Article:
Wednesday, October 16, 2019

Via Utne / Entangled by the World

Photo by Getty Images/Aydinmutlu

“Wisdom seems to sprout from the most unusual places and in the most unexpected moments.” 

“If you want to find your way, you must become lost. Generously so.” I asked, “How does one become lost?” He replied, “Shall I turn you into a goat?” 

The fire hissed softly as another piece of coal collapsed into white ash, overcome by the steadying flames. Still African to my bones, and quite used to warmer climates, I was grateful for the heat the juvenile bonfire emitted. But even its heat was no match for the wintry sternness and eeriness of the ‘Wodge,’ Schumacher’s Forest School site in Northwoods, Dartington. Except for the amber glow that danced uneasily across the faces of the cohorts in the circle, the whole place was dark and silent, with only tall proud trees and the bits of sky that fell through their interconnecting branches that bore witness to this hushed ring of seekers.

Fire. Witnessing trees. A desperate chill. And a whiff of collective madness. These were the elements that ordained this mysterious circle of 17 persons.

Manish signalled to me that it was time, so I went first — not before telling the group that one of the edges we had to explore in the days ahead was disgust, and how the things we feel repulsed by hold clues about the kinds of social-material frameworks we already inhabit. I then sat on a log of wood, raised my head to meet Manish’s gaze, and held out my hands as one would do when making supplication to the gods above. For what I was about to receive in return for my prayerful gesture, the moment was thick with perverse irony. Clad in a camo winter jacket, awkward head gear, and a blanket-scarf, Manish stirred the contents of the white ceramic bowl with his fingers, scooped up a generous amount, and pressed it on my face — covering my forehead, my cheeks, my chin, and nose with the stuff. He asked the circle to make a clicking sound with their tongues as I — and others after me — received this blessing. This anointing of sorts. I closed my eyes as the cold grimy mixture kissed my skin. When he was done, he placed a huge lump of the stuff between my cupped palms.

It was cow shit. Glorious cow shit. Green, brown, wild, and overpoweringly alive. We had obtained a fresh bucketful a farm away, mixed it with neem leaves and the spirit of a bonfire. Now it was on my face, like bees on a jar of honey. I stood up and retook my place in the circle. An hour or so later, we were all covered in shit (except two students who opted out for personal reasons), our faces a mishmash of toothy grins and green grime. The jokes came easy (“This is some good shit!” “We are having a bit of a shit-uation here!”) and then we shared stories and wise sayings in the womb of the forest as the shit dried up and stiffened our faces, so that many of us could hardly talk. I looked around, taking in all the faces: given that we had advertised that session as a “cow dung ritual,” it was amazing to me that everyone showed up. I had expected the students to scoff at some of the other processes we had earmarked for the week — “Death Walk,” “Powerful Questions,” “Composting Ourselves,” “Shop of the Open Heart” — but that didn’t happen.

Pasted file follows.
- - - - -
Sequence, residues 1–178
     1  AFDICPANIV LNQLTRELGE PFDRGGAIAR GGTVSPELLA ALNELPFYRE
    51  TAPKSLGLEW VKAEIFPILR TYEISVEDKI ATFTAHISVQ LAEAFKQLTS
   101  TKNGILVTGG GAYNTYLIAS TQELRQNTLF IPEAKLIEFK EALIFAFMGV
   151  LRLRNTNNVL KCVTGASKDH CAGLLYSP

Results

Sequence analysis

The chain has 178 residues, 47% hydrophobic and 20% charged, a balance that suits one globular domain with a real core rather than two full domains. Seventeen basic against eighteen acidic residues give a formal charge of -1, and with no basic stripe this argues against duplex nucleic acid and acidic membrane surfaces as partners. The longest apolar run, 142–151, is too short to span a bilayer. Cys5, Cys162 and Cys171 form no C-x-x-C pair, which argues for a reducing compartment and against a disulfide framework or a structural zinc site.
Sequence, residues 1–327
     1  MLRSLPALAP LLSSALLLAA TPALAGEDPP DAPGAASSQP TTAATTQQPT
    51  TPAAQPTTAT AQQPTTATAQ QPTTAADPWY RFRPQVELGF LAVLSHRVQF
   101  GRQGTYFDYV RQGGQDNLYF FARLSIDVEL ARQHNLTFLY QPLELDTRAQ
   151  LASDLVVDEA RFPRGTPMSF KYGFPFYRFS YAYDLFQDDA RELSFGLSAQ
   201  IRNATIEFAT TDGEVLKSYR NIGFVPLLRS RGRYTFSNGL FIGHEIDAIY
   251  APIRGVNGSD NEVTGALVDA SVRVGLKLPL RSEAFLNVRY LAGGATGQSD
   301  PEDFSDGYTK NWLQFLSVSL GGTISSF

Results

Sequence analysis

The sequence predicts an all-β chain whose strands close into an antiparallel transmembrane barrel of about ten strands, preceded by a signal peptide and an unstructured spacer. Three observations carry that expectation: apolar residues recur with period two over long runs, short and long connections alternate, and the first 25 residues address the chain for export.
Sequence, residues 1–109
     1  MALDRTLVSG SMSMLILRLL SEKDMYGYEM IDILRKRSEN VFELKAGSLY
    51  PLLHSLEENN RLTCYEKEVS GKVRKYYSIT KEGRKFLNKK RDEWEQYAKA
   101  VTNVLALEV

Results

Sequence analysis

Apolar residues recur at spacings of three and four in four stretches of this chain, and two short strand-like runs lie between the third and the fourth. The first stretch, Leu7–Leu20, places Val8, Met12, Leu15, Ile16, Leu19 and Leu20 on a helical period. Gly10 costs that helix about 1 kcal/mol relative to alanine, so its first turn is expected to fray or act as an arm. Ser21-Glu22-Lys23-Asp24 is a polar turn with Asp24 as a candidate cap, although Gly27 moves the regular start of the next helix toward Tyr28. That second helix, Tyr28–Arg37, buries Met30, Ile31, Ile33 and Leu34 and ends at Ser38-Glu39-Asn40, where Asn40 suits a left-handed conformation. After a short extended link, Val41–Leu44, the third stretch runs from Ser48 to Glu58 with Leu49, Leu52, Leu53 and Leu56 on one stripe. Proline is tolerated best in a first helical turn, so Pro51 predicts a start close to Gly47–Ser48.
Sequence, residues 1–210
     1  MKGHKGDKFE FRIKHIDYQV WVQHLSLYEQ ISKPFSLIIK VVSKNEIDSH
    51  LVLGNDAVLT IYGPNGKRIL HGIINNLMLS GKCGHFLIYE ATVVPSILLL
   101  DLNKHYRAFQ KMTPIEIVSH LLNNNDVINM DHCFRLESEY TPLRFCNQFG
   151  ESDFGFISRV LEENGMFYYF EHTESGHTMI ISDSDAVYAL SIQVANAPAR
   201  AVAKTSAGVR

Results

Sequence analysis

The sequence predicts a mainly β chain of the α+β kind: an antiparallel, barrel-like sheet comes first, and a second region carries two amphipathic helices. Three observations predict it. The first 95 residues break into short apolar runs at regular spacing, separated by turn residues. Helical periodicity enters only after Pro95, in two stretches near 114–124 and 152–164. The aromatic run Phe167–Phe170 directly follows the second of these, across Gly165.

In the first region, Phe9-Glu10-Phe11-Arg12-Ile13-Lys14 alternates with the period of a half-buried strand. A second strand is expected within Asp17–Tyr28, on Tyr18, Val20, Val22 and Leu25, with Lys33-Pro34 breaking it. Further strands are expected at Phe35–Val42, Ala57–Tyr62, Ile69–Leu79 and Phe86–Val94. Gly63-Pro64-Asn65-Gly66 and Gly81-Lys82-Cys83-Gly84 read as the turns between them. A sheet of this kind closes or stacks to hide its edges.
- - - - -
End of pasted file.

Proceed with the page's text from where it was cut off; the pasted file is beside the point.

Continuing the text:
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Via Coventry Spiritualawareness / FB:


Via Lion´s Roar / Extinction Rebellion activist Mark Ovland on bringing climate activism & Buddhism together



Mark Ovland (center) at an Extinction Rebellion protest in November 2018. Photo by Steve Eason.

Buddhadharma editor Tynette Deveaux talks to Buddhist Extinction Rebellion (XR) activist Mark Ovland about his decision to join the XR movement and why he feels it’s aligned with the dharma.

Mark Ovland left behind his Buddhist teacher training earlier this year to join the Extinction Rebellion (XR) movement as a climate activist. Monday, October 7 marked the beginning of a two-week campaign of action by XR in 60 cities around the world, and I spoke to Ovland just days before the protests began.

When we spoke, police were preparing to raid the XR warehouse in London, where the group was storing equipment for their demonstrations. Ovland said police had blocked every road out, and were arresting anyone trying to get things out of the warehouse, including solar panels, portable toilets, and kitchen equipment.

Police used a battering ram to break into the building after activists barricaded themselves inside, and 10 people were arrested for “suspicion of conspiracy to cause public nuisance.” Hours after the raid on the XR warehouse, the group says it received £45,000 from the public to replace items confiscated by police. Nearly 300 people were arrested in London during Monday’s protests.

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Via Words of Wisdom - October 16, 2019 đź’Ś


The sooner one develops compassion on this journey, the better. Compassion lets us appreciate that each individual is doing what he or she must do, and that there is no reason to judge another person or oneself. You merely do what you can to further your own awakening.

- Ram Dass -


Via Daily Dharma: Gifts at the End of Life

The end of life often offers rare opportunities to affirm and deepen our highest human values—reconciling conflicts, sharing forgiveness and gratitude, deepening a sense of loving intimacy, and rising above our myopic experience of ourselves, our lives, and the world.

—Joseph Loizzo, “So the Darkness Shall Be the Light”


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Via Daily Dharma: Sitting with Vulnerability

By putting things in a bigger context, [we are] able to enter a whole realm of practice—learning to stay with the rawness or vulnerability of being human.

—Pema Chödrön, “On Not Losing Heart”


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